Here’s another piece of an incomplete behind-the-scenes puzzle of the housing market that has surged to new record highs. Fannie Mae — one of the Government Sponsored Enterprises (GSE) that guarantee eligible mortgages and package them into mortgage-backed securities that are then sold to institutional investors — had some disconcerting words in today’s Mortgage Lender Sentiment Survey for Q2:
More mortgage lenders say they have eased credit standards recently and expect further easing in the coming months.
Why? Cooling demand for mortgages. Mortgage lenders in the survey include banks of all sizes, specialized non-bank mortgage lenders (they don’t take deposits), and credit unions.
The net percentage of mortgage lenders that reported having eased credit standards over the past three months has been rising since Q4 2016. And the net percentage of lenders that expect to ease credit standards over the next three months for all three types of mortgages — GSE eligible, non-GSE eligible, and government loans such as FHA and VA insured mortgages – “reached or surpassed survey highs this quarter.”
The chart below shows the net percentage of mortgage lenders who expect to loosen credit standard of GSE-eligible mortgages – the “conforming” mortgages that adhere to GSE underwriting guidelines, including loan limits:
The driver behind the loosening of mortgage standards? Lenders want to write more mortgages. That’s their business. But the business hasn’t been going all that well recently, just when home prices across the country, and in particular in certain cities, have surpassed prior bubble highs, and prudence would now be more important than ever. So what drives them to lower their standards?
Cooling demand for mortgages.
Lenders’ increasing concerns over “economic conditions” drove the easing of lending standards, as mortgage demand has taken a hit, and as the share of lenders who reported growth in purchase-mortgage demand “dropped to the lowest net reading in years.”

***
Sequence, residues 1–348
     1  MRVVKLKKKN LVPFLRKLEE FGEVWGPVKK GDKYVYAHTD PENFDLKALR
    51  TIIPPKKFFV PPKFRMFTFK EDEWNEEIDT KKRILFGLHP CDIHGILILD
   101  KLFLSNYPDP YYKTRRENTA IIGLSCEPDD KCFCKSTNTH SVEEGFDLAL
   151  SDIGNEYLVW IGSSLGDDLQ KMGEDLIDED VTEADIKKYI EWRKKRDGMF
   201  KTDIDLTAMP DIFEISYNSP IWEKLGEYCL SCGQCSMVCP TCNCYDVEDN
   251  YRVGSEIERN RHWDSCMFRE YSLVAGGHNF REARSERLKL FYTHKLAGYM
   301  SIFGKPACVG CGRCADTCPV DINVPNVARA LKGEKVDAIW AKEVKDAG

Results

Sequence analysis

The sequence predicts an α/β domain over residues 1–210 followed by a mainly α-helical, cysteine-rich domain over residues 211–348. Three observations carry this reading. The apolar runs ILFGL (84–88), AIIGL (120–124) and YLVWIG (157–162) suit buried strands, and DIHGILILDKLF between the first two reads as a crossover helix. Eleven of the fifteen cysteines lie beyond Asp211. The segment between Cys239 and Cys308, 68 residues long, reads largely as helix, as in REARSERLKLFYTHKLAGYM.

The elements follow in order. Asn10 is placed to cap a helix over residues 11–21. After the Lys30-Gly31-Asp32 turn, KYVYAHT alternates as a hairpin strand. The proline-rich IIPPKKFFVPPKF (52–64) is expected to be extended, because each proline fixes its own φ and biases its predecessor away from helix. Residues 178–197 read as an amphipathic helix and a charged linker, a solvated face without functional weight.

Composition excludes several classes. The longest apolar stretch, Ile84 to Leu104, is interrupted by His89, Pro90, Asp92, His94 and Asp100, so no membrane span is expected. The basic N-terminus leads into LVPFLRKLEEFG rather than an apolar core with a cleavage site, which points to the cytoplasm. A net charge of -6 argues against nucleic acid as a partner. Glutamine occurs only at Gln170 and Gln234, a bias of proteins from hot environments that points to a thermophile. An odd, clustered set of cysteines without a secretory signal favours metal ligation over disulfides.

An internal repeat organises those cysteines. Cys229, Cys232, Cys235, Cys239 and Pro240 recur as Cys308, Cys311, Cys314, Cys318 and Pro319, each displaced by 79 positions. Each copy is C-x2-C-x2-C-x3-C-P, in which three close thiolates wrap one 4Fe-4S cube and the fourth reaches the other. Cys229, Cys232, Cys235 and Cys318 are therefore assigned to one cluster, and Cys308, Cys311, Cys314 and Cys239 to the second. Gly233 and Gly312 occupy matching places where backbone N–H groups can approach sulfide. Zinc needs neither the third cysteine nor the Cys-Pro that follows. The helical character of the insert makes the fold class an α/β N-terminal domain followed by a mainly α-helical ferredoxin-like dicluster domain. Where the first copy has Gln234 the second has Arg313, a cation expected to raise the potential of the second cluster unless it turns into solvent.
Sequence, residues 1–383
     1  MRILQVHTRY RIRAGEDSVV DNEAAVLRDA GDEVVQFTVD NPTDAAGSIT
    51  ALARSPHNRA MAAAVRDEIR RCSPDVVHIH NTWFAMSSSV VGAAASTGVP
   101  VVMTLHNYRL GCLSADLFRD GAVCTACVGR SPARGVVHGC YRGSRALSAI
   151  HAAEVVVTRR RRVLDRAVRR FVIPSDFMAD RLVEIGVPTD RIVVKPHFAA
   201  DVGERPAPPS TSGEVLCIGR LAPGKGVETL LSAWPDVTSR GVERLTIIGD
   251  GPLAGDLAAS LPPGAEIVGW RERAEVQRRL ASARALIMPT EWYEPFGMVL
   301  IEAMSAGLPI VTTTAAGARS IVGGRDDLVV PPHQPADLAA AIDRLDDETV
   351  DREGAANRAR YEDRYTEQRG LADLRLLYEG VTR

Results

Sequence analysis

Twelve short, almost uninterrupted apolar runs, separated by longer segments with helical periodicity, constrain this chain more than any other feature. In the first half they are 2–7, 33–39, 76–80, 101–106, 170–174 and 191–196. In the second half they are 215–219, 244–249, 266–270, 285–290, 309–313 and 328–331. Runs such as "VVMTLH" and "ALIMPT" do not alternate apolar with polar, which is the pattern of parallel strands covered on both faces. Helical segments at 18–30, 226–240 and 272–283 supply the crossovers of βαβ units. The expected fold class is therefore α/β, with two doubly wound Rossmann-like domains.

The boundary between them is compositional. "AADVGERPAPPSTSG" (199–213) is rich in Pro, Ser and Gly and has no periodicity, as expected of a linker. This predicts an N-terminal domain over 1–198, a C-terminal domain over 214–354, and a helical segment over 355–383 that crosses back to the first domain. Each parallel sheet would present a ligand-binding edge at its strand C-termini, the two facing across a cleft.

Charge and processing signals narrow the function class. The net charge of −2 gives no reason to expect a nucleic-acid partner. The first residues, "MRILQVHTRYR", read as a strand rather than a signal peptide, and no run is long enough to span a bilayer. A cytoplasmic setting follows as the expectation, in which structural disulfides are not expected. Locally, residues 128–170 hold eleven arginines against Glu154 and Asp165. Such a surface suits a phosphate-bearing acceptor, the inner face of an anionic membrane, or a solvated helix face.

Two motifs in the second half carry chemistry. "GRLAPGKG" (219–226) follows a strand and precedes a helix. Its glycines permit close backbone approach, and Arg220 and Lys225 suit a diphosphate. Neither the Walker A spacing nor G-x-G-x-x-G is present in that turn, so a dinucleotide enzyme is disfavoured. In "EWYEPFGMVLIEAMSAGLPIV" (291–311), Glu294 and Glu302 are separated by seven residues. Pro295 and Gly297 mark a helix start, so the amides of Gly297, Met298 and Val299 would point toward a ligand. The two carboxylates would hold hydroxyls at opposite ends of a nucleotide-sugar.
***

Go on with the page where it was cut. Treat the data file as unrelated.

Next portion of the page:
The report: “Across the three loan types, the share of lenders who reported growth in purchase mortgage demand dropped to the lowest net reading in years for a second-quarter period”:
Comments on why demand for mortgages was cooling differed by institution size:
- Larger Institutions: “Higher rates. Uncertain economic times” and “Competition.”
- Mid-sized Institutions: “Lack of inventory. We are an affiliated mortgage company and the lack of inventory in our markets effects our business directly.”
- Smaller Institutions: “Higher rates.” “Cost of housing.”
The report pointed out that this drop in demand for purchase mortgages confirms Fannie Mae’s report earlier in June that found that Americans were souring on the housing market, with the percentage of those thinking that now was a good time to buy a home dropping to a record low.
“Easing credit standards might also be due in part to increased pressure to compete for declining mortgage volume,” said Doug Duncan, senior VP and chief economist at Fannie Mae.
In face of declining demand, competition among mortgage lenders to write mortgages “heats up.” So they get more aggressive with their rates, which lowers their profit margins. And 71% of the lenders blame competition for their lower profit margin outlook, the highest percentage in the history of the survey and up from 44% a year ago:
Fannie Mae’s Duncan:
“Expectations to ease credit standards climbed to survey highpoints in the second quarter as more lenders reported slowing mortgage demand and increasing concerns about competition from other lenders.”
But the mortgage lenders remain an optimistic bunch in terms of home prices: 78% said that home prices over the next 12 months would rise, also a survey-high, with only 3% daring to think that home prices might go down over the next 12 months:
The report summarizes “Tight inventory has pushed up home prices, which is weighing on affordability and constraining sales.”
This survey is another piece of the puzzle of a housing market that has boomed in many cities beyond what is sustainable and affordable. Now the Fed has embarked on raising short-term yields and has brought them up one percentage point. Long-term yields continue to drop, and mortgage rates remain historically low. But the Fed is now also targeting long-term yields with its strategy of unwinding QE.
QE was designed, among other things, to bring down long-term yields and mortgage rates, and it did so successfully – hence the surge in home prices. Unwinding QE, including shedding the mortgage-backed securities now on the Fed’s balance sheet, will eventually have the opposite effect, just when home prices have surpassed the prior crazy bubble peak – in some cities by a big margin.